Look Both Ways Before You Cross The Street

texting while walking
Texting while walking is dangerous, but too many of us do it anyway.
(cc) Matthew Kenwrick

You’d think that everyone — at least every adult — would know how to cross the street. Even young children will tell you to look both ways before stepping out. Unfortunately, the rise of smartphones seems to have given rise to stupidpeople. (We mean that in the nicest possible terms.) Proof: A survey by Liberty Mutual Insurance that found that 60 percent of pedestrians walk while texting, emailing, talking on the phone, or listening to music, leading to an increase in pedestrian fatalities.

According to the Liberty Mutual Insurance Pedestrian Safety Survey, while 70 percent of us believe it’s dangerous to text, email, talk on the phone, or listen to music while walking, 60 percent of us do it anyway. At the same time, the latest data from the National Highway Traffic Safety Administration indicates there were 4,280 pedestrian deaths in traffic accidents in 2010, a 4 percent increase over the previous year.

David Melton, a driving safety expert with Liberty Mutual Insurance and managing director of global safety, noted, “So much attention has been paid, and rightly so, to distracted driving that we have ignored the fact that distracted walking and crossing can be just as risky.” Emphasizing that smartphones don’t really make us smarter, Melton continues, “From an early age, we all learn how to safely cross the street — look both ways, wait for the walk sign — but as adults many of us seem to forget those simple rules.”

Of the more than 1,000 adults surveyed by Liberty Mutual Insurance, the majority of respondents (55 percent) consider texting or emailing while crossing a street to be the most dangerous activity when walking — more so than those who feel running across a street to beat oncoming traffic (40 percent) or jaywalking (24 percent) to be the most dangerous.

Such pedestrian safety concerns are valid, as a 2011 report from the U.S. Consumer Product Safety Commission (CPSC) found that 1,152 people were treated in hospital emergency rooms after being injured while walking and using a cell phone or some other electronic device.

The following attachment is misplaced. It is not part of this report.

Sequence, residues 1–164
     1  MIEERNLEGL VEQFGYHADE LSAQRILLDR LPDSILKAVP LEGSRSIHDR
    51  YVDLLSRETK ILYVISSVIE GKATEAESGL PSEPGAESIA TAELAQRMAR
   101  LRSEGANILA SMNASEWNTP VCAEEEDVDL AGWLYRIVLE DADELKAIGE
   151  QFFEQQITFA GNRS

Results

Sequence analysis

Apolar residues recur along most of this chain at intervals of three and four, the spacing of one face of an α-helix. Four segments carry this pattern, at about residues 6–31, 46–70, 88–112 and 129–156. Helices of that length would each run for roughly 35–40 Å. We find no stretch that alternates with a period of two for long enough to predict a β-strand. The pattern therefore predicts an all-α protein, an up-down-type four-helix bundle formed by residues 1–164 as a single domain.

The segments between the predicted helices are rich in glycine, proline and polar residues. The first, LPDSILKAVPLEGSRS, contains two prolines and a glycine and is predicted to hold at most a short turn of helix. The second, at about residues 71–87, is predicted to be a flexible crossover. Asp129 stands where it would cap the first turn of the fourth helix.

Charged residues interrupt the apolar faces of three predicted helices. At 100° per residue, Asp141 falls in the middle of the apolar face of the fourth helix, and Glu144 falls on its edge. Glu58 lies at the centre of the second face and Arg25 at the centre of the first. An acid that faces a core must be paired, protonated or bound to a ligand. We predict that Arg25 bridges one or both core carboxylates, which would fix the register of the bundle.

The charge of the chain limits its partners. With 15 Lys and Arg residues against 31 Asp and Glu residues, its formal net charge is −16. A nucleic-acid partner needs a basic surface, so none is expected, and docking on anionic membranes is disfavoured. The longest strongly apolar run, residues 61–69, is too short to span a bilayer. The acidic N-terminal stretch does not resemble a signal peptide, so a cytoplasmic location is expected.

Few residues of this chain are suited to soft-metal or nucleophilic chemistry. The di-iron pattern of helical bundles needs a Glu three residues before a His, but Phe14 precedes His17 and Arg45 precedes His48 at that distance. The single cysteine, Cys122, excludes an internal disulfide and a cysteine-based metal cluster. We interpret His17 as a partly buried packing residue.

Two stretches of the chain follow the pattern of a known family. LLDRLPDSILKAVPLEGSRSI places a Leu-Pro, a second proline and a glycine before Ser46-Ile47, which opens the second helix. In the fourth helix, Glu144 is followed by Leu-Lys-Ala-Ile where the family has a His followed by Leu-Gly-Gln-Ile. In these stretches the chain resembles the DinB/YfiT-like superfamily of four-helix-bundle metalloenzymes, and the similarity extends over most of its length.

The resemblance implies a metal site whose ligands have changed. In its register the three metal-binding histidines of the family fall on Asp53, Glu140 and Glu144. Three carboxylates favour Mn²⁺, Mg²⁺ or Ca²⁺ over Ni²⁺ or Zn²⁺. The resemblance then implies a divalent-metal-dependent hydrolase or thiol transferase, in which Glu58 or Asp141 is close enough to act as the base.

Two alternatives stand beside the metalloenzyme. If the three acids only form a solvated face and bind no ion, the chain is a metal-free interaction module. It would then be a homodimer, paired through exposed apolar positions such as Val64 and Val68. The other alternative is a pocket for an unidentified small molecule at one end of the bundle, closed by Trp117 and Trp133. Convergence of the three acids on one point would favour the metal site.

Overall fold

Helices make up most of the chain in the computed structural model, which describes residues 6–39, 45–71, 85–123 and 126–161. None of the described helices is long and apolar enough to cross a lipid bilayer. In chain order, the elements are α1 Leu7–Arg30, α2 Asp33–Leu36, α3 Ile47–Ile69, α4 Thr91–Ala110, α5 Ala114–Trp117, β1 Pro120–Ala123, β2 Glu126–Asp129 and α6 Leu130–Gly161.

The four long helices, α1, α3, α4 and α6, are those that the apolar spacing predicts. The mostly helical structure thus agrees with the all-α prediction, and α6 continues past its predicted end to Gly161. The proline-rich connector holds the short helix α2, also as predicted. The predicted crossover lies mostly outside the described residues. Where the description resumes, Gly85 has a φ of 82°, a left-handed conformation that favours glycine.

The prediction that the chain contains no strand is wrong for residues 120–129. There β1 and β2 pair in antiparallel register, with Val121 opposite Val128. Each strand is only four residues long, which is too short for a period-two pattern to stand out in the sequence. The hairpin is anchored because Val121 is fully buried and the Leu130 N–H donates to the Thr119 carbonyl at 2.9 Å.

More results from the survey …

  Consumers that engage in activity Consumers that find the activity dangerous
Text or email while crossing the street 26% 55%
Run across the street to beat oncoming traffic 46% 40%
Talk on the phone while crossing the street 51% 26%
Listen to music while crossing the street 34% 25%

Drivers Prioritize Phones over Pedestrians

According to the Liberty Mutual Insurance Pedestrian Safety Survey findings, like pedestrians, drivers do realize the dangers of their actions but do not modify them for safety. For example, three in five drivers say talking on the cell phone while driving is dangerous for pedestrians, yet 70 percent still admit to doing so.

Likewise, drivers realize that talking on the phone, texting, and listening to loud music is dangerous for pedestrians yet a significant percentage of respondents continue to engage in behavior they recognize as risky.

  Drivers that engage in activity Drivers that rate the activity dangerous for pedestrians
Read or send text messages while driving 38% 90%
Talk on a cell phone while driving 70% 59%
Listen to music at high volumes while driving 64% 33%

“The reality is that neither drivers nor pedestrians seem to actually realize the dangers of their distracted behaviors,” added Melton. “The fact that drivers and pedestrians continue to engage in dangerous habits, despite claiming to recognize the risk, suggests that the majority of Americans are taking a cavalier, ‘it won’t happen to me’ attitude. As the weather warms up and we head into the summer driving season, pedestrians and drivers need to take extra precautions to ensure the safety of everyone on the roads, whether on foot or behind the wheel.”

If you must text or talk while walking, at least do it in style with an Apple iPhone from Amazon.